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Article
November 1958

Toxoplasmosis and Congenital Deafness

Author Affiliations

Boston
From the Department of Otolaryngology, Harvard Medical School, and the Department of Otolaryngology, The Massachusetts Eye and Ear Infirmary. Supported by United States Public Health Service Grant B-1272(C).

AMA Arch Otolaryngol. 1958;68(5):547-561. doi:10.1001/archotol.1958.00730020569003
Abstract

Toxoplasma gondii, a protozoan, since its discovery by Nicolle and Manceaux, in Africa, and by Splendore in Brazil, both in 1908, has gained rapidly in reputation as the causative agent of a specific disease. Toxoplasmosis is now recognized in its ubiquitous, "pantropic" occurrence. A rapidly snowballing amount of related publications testifies to a universal interest.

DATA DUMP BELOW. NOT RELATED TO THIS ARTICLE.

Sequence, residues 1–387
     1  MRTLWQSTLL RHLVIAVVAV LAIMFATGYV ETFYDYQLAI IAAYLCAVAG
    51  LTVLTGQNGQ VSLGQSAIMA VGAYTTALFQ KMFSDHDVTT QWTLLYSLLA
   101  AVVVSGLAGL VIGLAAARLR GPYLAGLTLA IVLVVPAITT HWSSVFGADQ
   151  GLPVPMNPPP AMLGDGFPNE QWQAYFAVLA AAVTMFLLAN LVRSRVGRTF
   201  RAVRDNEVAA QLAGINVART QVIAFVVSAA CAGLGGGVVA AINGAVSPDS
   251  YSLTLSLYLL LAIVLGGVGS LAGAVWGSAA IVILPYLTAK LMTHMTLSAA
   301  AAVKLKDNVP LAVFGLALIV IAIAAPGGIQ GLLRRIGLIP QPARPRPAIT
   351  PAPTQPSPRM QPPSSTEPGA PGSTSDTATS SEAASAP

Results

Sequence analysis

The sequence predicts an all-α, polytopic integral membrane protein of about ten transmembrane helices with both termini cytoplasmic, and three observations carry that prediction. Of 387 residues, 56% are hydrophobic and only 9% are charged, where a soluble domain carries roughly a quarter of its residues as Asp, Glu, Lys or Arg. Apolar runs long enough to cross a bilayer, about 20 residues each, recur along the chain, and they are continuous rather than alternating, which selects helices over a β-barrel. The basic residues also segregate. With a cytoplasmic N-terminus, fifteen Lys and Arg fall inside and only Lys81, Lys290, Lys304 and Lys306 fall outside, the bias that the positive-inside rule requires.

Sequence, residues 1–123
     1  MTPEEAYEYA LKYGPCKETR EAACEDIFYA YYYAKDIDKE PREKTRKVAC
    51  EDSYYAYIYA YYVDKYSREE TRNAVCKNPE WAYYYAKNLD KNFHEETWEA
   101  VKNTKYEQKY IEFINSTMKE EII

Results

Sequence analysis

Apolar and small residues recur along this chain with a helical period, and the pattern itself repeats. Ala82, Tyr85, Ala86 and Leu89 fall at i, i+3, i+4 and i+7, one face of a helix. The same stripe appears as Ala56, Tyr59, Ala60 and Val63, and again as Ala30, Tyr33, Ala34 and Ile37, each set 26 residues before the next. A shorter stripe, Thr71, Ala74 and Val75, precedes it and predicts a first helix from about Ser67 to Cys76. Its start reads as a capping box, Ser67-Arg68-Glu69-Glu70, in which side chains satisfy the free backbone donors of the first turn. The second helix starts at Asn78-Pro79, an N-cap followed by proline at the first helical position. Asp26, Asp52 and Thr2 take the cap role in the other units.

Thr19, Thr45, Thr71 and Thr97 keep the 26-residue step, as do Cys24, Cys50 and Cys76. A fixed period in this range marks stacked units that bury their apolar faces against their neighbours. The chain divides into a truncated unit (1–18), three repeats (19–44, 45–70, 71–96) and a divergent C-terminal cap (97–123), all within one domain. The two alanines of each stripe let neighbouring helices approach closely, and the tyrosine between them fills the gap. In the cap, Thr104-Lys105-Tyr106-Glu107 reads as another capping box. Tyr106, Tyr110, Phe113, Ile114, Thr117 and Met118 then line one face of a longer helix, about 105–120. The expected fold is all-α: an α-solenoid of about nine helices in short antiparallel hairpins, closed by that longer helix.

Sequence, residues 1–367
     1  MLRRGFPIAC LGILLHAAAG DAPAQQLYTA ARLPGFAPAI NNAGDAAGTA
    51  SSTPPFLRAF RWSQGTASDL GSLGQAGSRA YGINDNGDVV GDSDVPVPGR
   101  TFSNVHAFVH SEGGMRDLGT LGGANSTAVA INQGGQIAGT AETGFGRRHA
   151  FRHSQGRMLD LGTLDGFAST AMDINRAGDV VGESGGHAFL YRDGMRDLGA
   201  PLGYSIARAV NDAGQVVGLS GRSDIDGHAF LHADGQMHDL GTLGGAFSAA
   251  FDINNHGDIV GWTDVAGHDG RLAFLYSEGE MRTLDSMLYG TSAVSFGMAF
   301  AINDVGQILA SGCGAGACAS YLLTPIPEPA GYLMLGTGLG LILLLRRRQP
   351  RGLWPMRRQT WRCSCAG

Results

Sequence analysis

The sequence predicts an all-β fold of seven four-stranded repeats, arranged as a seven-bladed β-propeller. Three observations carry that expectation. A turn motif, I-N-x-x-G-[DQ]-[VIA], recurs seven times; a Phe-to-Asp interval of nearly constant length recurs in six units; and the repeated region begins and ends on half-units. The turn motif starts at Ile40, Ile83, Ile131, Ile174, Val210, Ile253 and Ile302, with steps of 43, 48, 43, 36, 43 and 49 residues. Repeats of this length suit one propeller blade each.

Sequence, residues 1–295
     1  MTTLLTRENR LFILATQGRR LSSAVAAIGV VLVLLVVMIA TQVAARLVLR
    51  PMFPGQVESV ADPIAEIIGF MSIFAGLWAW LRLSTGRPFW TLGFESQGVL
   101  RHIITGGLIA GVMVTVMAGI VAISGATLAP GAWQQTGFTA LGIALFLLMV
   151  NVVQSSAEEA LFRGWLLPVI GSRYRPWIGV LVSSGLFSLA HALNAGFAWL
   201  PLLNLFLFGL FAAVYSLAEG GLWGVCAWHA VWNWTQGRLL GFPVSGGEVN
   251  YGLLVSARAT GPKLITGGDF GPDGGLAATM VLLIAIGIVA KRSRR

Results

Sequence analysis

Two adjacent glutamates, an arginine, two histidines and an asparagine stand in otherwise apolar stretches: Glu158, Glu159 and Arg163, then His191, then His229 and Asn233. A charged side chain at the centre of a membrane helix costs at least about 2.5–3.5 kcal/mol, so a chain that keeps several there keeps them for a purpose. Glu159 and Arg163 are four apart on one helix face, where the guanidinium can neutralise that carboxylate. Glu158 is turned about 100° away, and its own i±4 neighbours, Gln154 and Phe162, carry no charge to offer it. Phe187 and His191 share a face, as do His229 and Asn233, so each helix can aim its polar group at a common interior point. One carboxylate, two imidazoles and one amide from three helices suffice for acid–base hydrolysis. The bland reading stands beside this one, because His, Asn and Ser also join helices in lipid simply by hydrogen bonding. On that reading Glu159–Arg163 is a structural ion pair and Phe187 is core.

This concern is understandable in the case of a disease which spreads all over the globe. In a normal urban population its incidence has been found to be 30% to 60%, on the basis of reaction to Toxoplasma antigen. Even more alarming data were given for certain groups of patients with other diseases. In mental patients rates based on positive toxoplasmin skin tests, sufficiently high dye test, and complement-fixation titer were as high as 50%, rising to 75% in Mongoloid idiocy. These incidence figures climbed even higher with age.

Many cases of advanced toxoplasmosis in

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